My mother blazed a mighty trail as a single-mom pursing higher education. In the 1970's she graduated top of her class at UCSB when my brother Doug and I were still in elementary school. Fondly pulled from my memory banks are the days when the babysitter was ill or unavailable and she took us with her to the university. The campus seemed so huge and vast as the three of us walked together to her class.
I vividly remember her reading "The Lion, The Witch and the Wardrobe" to us. She was fantastic at tempo and I hung on every word. It was a double duty book - for me and Doug to hear of this strange place called Narnia and required reading for one of her literary classes.
I'm sure she got an A in that class - proudly she graduated on the Dean's List.
Yet, more important to her legacy, she proved to us that higher education can be balanced and accomplished with one single-loving hand holding a Bachelor of Arts degree - her cap tassel blowing in the beachy afternoon breeze and one hand holding the grip of her small child.
She would go on to teach young students. Her personal education would pave the way as a professional teacher in the California classroom and as a gifted home-school instructor. She molded minds with promise and laid foundations of strength from within.
As the first new millennium decade came to an end, I contemplated going back to school myself to finish my degree. It was though a strange inner struggle and a deep desire collided. I was really on the fence at the huge commitment and amount of time it would take. How I would do it as a single mom of three daughters --- and at my age? While Mom and I weighed the pros and cons my mouth just blurted out, "Mom, I will be 43 by the time I graduate!" She quickly replied, "You will still be 43 if you don't."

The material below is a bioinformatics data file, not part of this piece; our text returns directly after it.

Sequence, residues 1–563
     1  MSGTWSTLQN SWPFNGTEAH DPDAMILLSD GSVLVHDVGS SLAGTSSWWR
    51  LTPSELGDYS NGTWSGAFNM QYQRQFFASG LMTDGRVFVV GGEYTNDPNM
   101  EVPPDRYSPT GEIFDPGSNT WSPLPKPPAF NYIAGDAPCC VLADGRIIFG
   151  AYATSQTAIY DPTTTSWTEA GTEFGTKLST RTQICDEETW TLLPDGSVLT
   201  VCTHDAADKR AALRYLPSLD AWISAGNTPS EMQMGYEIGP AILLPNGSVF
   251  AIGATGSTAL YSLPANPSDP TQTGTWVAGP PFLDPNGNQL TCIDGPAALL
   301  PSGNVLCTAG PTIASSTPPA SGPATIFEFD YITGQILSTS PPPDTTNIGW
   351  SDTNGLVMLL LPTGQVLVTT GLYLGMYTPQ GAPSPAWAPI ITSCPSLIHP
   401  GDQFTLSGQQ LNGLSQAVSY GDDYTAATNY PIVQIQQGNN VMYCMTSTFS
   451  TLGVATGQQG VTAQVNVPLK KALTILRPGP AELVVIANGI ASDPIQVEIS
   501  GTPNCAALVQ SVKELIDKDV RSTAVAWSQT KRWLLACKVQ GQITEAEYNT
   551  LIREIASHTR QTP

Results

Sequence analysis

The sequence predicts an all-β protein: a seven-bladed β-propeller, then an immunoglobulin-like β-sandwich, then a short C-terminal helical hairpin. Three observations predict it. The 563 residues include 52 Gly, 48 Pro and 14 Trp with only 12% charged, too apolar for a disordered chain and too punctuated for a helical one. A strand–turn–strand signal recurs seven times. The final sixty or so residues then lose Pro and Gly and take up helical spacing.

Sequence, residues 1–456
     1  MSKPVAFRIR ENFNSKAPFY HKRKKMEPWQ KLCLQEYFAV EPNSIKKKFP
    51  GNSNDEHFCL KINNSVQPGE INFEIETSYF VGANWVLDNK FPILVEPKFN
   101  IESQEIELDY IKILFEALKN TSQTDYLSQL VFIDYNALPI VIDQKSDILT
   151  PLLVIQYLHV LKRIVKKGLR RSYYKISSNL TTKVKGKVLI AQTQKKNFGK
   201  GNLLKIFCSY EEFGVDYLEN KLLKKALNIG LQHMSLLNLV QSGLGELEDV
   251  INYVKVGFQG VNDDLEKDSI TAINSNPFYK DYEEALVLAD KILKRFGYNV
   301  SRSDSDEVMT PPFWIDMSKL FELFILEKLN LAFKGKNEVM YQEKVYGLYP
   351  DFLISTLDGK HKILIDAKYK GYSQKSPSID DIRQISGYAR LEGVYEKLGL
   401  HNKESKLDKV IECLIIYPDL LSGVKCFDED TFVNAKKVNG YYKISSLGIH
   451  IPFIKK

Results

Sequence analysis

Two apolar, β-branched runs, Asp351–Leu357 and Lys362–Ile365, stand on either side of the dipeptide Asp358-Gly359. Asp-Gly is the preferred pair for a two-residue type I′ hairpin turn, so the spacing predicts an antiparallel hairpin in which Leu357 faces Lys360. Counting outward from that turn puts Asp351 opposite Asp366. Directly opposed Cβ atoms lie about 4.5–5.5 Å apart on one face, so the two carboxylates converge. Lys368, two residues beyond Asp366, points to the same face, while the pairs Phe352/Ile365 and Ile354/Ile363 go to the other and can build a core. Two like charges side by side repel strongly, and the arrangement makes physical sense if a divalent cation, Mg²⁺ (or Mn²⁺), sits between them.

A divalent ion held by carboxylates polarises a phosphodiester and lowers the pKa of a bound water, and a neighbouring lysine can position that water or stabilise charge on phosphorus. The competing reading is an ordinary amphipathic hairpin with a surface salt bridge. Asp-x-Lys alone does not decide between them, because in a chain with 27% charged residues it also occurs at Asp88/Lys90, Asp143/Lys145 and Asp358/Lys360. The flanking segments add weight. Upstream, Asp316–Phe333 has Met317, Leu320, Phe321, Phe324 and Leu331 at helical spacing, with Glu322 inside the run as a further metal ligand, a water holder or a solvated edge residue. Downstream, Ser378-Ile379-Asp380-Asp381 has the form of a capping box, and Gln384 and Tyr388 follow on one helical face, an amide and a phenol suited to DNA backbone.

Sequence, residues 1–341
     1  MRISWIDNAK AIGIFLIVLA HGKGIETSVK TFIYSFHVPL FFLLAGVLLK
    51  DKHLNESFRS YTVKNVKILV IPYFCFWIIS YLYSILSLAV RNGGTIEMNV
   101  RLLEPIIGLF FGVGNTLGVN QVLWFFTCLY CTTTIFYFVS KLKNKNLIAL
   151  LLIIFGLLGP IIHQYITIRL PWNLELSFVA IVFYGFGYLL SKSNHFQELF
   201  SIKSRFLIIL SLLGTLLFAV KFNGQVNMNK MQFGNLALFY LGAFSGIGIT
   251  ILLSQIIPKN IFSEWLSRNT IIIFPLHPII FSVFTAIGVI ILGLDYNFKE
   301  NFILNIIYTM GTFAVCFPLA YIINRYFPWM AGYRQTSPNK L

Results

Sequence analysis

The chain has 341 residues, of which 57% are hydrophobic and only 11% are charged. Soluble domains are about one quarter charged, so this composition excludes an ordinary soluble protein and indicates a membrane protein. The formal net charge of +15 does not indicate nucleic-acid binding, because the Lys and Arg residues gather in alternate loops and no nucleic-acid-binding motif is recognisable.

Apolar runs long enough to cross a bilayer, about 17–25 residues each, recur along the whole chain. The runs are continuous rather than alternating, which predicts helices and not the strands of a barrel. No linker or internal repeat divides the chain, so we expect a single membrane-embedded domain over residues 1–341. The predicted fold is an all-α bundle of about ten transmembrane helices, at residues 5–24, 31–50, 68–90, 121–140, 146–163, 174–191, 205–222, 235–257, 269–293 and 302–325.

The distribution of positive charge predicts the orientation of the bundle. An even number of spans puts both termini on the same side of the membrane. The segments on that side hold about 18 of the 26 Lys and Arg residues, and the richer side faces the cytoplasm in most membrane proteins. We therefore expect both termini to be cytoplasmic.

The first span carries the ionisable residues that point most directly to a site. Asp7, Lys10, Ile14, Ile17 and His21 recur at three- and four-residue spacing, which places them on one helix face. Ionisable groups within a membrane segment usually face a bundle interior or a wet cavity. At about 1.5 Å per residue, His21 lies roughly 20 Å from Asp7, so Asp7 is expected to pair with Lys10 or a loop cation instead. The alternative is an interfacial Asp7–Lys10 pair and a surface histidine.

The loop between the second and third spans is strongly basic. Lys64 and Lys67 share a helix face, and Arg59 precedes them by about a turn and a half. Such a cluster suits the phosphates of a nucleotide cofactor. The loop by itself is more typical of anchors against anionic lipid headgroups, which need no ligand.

That was an epiphany moment and I went for it. My mom helped me dramatically in my educational years - she was the hand I could count on. She was the place of trust I could stand on. She was seamlessly the grandma extraordinaire. Oh, and oh the glory day came - she waited, she watched and triple cheered me on as I (age 43) passed by her and my daughters with my graduating class - once again draped in the sunny Santa Barbara sky.
An educational drive is part of the heartstrings she tied into us in her life and through these fragile days of time we walk today. In lieu of flowers please consider a donation to the Judith Ann Chance (Stolp) Scholarship Fund.
She learned, she taught, Judith Ann changed the world because of books and a desire to improve the world around her.